Since the Chambers thesaurus is so big, it covers a lot of territory. That means the book takes up quite a bit of space on the shelf, but I think it’s worth it.

In short, this thesaurus (or “lexicon”, “dictionary”, “wordbook”, “vocabulary”, “repository”, or “wordfinder”) is really practical (and “valuable” and “worthwhile”). It is definitely the thesaurus I’ll be using from now on, and the one I’ll recommend to my students and my fellow writers, editors, and translators.

Sunday, September 23, 2012

Word Nerds and Scrabble

I can’t help it – as a word-lover, I’m a big fan of Scrabble. Travel Scrabble accompanies me on many trips and I regularly play Scrabble online with my mother, who lives 4000 miles away.

Scrabble and Bananagrams are favorite games to play with some of my other word nerd friends. And I play Alfapet (also now called Scrabble), the Swedish version of the game too.

It’s not just that it’s a fun game. It also helps teach me new words and keep other words fresh in my mind. So it’s beneficial and relaxing and enjoyable all at once.

So when my partner showed me this video with tips for how to improve at Scrabble, I had to watch.

Tuesday, September 18, 2012

Revising and Editing for Translators

It can happen that we translators sometimes have to work with editors. But before we get to that stage, we have to edit ourselves. Brian Mossop’s book Revising and Editing for Translators is about what it means for a translator to be a proofreader and/or editor him- or herself, and the book explains it all in an easily understood and interesting way.

Sometimes translators hire other translators and have to check their work before the customer gets it, and sometimes a translator is employed by a company to proofread someone else’s translation. But despite translators proofreading our own work (we should do that anyway, but I know not everyone does) before sending it to the customer, we do not know always how to work with someone else’s texts.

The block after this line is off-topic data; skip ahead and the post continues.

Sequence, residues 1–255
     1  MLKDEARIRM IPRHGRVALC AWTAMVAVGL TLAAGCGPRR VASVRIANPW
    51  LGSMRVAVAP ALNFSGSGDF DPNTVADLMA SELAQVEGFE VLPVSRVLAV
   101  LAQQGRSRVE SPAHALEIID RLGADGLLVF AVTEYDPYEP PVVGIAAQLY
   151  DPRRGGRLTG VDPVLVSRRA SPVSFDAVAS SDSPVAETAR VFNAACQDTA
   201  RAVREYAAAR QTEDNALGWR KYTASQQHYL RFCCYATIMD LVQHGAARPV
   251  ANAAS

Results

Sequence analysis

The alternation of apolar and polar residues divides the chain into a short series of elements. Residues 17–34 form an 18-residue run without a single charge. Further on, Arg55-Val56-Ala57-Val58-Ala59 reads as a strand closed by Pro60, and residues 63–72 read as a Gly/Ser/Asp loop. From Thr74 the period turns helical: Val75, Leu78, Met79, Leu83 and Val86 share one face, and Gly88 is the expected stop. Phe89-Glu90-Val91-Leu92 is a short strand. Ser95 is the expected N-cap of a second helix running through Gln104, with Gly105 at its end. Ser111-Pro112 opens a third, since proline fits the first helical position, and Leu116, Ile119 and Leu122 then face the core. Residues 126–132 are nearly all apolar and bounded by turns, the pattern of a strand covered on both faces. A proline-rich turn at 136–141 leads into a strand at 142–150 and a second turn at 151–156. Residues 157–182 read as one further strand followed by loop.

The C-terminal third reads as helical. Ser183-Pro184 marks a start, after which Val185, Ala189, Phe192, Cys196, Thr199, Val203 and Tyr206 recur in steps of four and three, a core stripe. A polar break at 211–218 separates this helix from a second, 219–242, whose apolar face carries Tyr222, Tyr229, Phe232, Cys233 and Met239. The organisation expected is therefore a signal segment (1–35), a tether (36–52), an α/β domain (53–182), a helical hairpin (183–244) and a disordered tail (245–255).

Mossop discuss why a proofreader may be needed (there may be errors in the text, for example, or text style is not appropriate for the subject) and the types of proofreaders/editors available (subject-matter reviewers, copy editors, etc.) and various types of proofreading (scanning, spot-checking, etc.). Then he explains what it means to look for and fix typographical errors, grammatical mistakes, idiomatic errors, typos, punctuation mistakes, logic errors, factual errors, problems with the structure, among other things, and how to think about how a writer/translator uses language and style, and how readers influence a text (their background, for example, and why they read the text).

Mossop also provides issues to consider (such as when and where a translation is to be read or what errors a particular translator usually makes), and he gives advice on how to work with the translator whose texts you are proofreading (it is important to explain why changes are being made, rather than simply pointing out that they are necessary, so that the translator learns). So there is useful information in this book, although much of what he discusses is not actually that specific to translation.

The book also includes exercises, questions for discussion, suggestions for further reading and a glossary, so it is particularly suitable for students and new translators. But it is also worth reading for advanced translators. It contains information that is useful for both translators who are proofreading texts translated by others but also for translators who want to be better at editing their own texts.

Thursday, September 13, 2012